How to Protect Your Penis From Peyronie’s Disease

When buying a new car, you get an owner’s manual to teach you how to use and care for the car to make it run well and last longer. Unfortunately, men don’t get an owner’s manual for their penis. As a result, most men don’t know that sexual intercourse can damage their penis, causing a deformity that makes further sexual activity difficult or even impossible.

Peyronie’s disease—which makes the penis bend or curve when erect—affects about nine percent of men between ages 40 and 75. While called a “disease,” it’s actually the most common injury of the penis.

Far less common are other traumas, such as zipper injuries and athletic injuries. When you’re playing sports, hormones trigger a fight-or-flight response in your body, causing your penis to shrink and withdraw. This action protects your penis, even if you’re not wearing an athletic cup. During sex, however, your penis is enlarged and engaged, putting it at risk for damage.

This “Penis Owner’s Manual” will help you learn how to better care for your penis and reduce your chance of getting Peyronie’s disease.

Danger of Erectile Dysfunction

Men in their 20s typically have highly rigid erections—a nine or 10 on a 10-point scale. As you age, your erections become less rigid. When your erections aren’t rigid enough for sexual intercourse at least half the time, you have erectile dysfunction (ED).

If you have an erection that is a five or six on a 10-point scale, you still may be able to have sexual intercourse. However, during regular thrusting, your penis may not stay straight. This bending during sex can damage the elastic tissue inside your penis.

You probably won’t see or feel this damage at first. And further sex may cause more damage over time, all painless.

As your penis heals, scar tissue forms inside around the erection chambers. That scar tissue isn’t as elastic as the normal tissue. That means it doesn’t stretch as well during an erection, which can make your penis look bent or shorter or dented.

What Causes Peyronie's Disease?

How to Protect Your Penis

There are several things you and your partner can do to help protect your penis from Peyronie’s disease:

  1. Take ED medications: Most men who see a doctor about ED do so once it becomes nearly impossible to have sex. But that may be too late to prevent Peyronie’s disease. Men should seek treatment as soon as they begin to notice weaker erections, around a five, six or seven on a 10-point scale. I call that “erectile insufficiency.” It’s a precursor to ED, which usually happens gradually, over time. The firmer you can keep your erections, the less likely you’ll get Peyronie’s disease.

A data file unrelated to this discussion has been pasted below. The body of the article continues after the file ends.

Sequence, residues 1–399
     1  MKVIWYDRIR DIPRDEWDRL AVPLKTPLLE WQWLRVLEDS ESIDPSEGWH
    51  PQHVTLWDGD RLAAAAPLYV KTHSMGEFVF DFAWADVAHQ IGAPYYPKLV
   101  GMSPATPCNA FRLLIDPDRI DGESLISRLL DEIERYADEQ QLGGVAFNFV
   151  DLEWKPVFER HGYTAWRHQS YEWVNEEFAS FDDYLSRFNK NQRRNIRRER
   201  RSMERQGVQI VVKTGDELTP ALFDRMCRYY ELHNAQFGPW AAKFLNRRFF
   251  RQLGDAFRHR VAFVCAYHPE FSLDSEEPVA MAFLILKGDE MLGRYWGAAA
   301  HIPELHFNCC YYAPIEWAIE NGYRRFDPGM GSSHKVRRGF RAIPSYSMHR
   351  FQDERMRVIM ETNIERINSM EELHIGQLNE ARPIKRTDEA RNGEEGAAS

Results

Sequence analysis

2. Lubricate: If your female partner doesn’t have enough natural vaginal lubrication, use an over-the-counter lubricant. If your penis slips out of the vagina during intercourse, use your hand to guide it back in.
  3. Stay on top: When you’re on the bottom and your female partner is on top, your penis may be forced to bend more.
  4. Go straight in and out: Avoid movements that could cause your penis to bend during thrusting.
  5. Be alert: Avoid sex when you’re too tired or have had too much alcohol. Your erection may not stay as firm.

    It’s Bent. Now What?

    If you develop Peyronie’s disease but the bend doesn’t cause pain or make sexual intercourse difficult, you don’t need to treat it. The deformity may be permanent, but if you can still function with it, it’s not a concern.

    Even in the case of functional Peyronie's disease, you don’t want to damage your penis more and make the deformity worse. Follow the guidelines above. You may need to improve your erections to prevent further damage.

    If you have mild pain during erections, it could mean the tissue inside your penis is still healing. It can take one to three years for healing to be complete, depending on how often the damage is aggravated.

    For severe deformities, there are surgical treatments to straighten the penis. An outpatient procedure called “plication” can shorten the long side of the erect penis. (Your erection will be a little shorter, but your penis will be straight). Or a surgeon can remove the scar tissue and replace it with a graft collected from somewhere else on your body. This procedure requires a longer recovery and can worsen ED. 

    The best option is to follow the instructions in this “Penis Owner’s Manual” so you keep your penis healthy and reduce your risk of Peyronie’s disease.

    Recognizing and Treating a Penile Fracture
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